Goa is famous for three things – beaches, wild parties and food. So if you have tried the sea, sun and sand, or the wild psychedelic parties at night, then indulge yourself to the third pleasure to complete your Goan vacation.
Goan cuisine is an interesting mix of its Hindu origin and Portuguese domination. Pork, prawns and seafood are considered to be the specialty of the state. Goan food is marked by a distinct use of spices and coconut. It is simple but spicy, hot and pungent. Rice, fish, and coconut form the basic component their everyday platter. Coconut milk is mixed in almost all the dishes. It is made by grating the white of a coconut and soaking in water. Kokum is another necessary ingredient. It is a sour, deep red coloured fruit with a sharp and sour flavour. Tamarind and the red Goan chillies are also a must. The Portuguese handed down the tradition of using chillies and cashew nuts to the Goans in their cuisine.
Kingfish is a huge delicacy among the Goans including pomfret, shark, tuna and mackerel. Crabs, prawns, tiger prawns, lobster, squid and mussels are also equally popular.
The Hindu and Christian community practise different styles of cooking. The cuisine of Goan Hindus is less spicy and less oily. They use onion and garlic in minimum but more vegetables, lentils, pumpkins, gourds, bamboo shoots, roots etc. Most of the Goan Hindus are non-vegetarian except for the Brahmins who are strictly vegetarian. Fish curry, fried fish, Fish Suke or Dhabdhabit are a favourite including sweets like Aatwal, Kangel and Tizaan.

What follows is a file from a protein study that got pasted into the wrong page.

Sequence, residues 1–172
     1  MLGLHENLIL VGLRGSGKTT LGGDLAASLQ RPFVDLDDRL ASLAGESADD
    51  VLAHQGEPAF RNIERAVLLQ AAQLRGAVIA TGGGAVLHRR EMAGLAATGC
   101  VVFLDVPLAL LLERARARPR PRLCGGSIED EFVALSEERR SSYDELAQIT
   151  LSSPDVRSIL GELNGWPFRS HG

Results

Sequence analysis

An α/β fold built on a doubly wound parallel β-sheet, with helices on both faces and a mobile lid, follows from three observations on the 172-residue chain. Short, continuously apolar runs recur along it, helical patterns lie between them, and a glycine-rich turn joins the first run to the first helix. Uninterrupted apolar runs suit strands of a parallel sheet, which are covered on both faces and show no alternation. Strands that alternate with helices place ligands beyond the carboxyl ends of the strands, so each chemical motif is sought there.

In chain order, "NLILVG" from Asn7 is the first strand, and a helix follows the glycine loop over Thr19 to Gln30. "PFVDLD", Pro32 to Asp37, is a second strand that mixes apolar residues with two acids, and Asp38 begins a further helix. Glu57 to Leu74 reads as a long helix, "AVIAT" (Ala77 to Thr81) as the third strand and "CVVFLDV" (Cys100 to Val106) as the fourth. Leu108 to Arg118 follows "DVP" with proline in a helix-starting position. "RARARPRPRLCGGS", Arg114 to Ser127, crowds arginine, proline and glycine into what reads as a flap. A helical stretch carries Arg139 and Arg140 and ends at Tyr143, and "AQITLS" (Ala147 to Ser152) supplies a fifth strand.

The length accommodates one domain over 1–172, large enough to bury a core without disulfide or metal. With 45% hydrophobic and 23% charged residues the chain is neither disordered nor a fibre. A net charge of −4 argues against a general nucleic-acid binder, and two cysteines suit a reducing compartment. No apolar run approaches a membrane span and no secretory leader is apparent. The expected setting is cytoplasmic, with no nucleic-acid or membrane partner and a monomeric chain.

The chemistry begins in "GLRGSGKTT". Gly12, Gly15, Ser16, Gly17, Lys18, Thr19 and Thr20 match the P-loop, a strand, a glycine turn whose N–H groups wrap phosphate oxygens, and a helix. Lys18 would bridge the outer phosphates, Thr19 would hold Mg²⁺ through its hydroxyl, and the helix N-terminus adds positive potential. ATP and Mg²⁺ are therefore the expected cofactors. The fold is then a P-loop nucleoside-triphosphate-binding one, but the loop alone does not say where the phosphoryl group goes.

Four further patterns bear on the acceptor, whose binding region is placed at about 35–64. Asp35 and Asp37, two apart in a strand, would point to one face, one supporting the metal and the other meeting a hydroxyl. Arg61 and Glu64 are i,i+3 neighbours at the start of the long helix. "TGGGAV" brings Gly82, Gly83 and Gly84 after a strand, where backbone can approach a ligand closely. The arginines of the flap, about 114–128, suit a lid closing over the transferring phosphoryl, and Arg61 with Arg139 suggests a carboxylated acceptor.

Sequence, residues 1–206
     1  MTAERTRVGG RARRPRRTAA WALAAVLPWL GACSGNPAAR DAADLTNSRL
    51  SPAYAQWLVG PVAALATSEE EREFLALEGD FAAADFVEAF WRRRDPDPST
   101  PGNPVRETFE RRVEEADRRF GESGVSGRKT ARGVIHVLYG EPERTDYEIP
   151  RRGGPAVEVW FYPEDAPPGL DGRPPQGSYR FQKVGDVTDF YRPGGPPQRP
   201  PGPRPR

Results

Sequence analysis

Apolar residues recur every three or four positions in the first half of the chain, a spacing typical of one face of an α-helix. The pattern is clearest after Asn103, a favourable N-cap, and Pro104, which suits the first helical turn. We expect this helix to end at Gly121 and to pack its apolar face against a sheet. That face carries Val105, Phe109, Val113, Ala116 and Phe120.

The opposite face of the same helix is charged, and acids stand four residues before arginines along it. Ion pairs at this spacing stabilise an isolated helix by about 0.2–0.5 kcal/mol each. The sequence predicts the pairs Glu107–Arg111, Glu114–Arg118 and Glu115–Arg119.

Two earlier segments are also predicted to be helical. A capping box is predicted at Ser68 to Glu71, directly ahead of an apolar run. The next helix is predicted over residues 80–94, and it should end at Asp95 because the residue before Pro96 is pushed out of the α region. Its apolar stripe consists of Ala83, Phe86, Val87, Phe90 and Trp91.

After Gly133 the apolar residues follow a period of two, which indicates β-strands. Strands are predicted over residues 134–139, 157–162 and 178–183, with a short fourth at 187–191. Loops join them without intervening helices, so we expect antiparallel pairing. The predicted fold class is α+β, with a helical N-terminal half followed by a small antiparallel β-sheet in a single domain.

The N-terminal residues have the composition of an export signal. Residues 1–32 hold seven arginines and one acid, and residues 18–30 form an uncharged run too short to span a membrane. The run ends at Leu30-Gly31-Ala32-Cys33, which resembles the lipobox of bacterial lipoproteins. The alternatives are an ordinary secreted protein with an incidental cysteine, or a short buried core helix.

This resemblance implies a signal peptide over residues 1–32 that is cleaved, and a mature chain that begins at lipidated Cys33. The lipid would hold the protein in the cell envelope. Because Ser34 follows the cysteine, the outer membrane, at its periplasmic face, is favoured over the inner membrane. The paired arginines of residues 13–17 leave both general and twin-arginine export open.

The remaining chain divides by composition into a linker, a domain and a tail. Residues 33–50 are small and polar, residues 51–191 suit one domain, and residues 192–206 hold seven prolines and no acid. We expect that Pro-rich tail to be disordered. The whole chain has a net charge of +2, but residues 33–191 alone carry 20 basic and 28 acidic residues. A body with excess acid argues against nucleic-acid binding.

The Catholic Goans are fond of pork and beef. Pork Vindaloo is their favourite as well as Ambot tik (sour curry dish prepared with either fish or meat) and Bebik (pudding) is a traditional must at Christmas. Sorpotel is inarguably the essence of Goan Christian cuisine. It is a local adaptation of the Portuguese dish Sarabulho. It is served on Christmas and on most feast days. It is prepared from pork, liver, heart and kidney. The meat is diced and cooked in thick spicy sauce with spices like cinnamon and cloves and vinegar. Traditional cooking is done in earthen ware on wood fire.
Vegetarian meals are not particularly famous. Most of the vegetables are steamed so very little spices are used unlike the North Indian food items. Pastries are savoured by all the people and it always accompanies any occasion or festival.
Goans are fond of their locally brewed feni made from the fruit of cashew or from the sap drawn from the shoots of a coconut tree. Feni has an alcoholic content of about 30 to 50%. Goans say with pride 'you don't realise how strong it is until you get up'.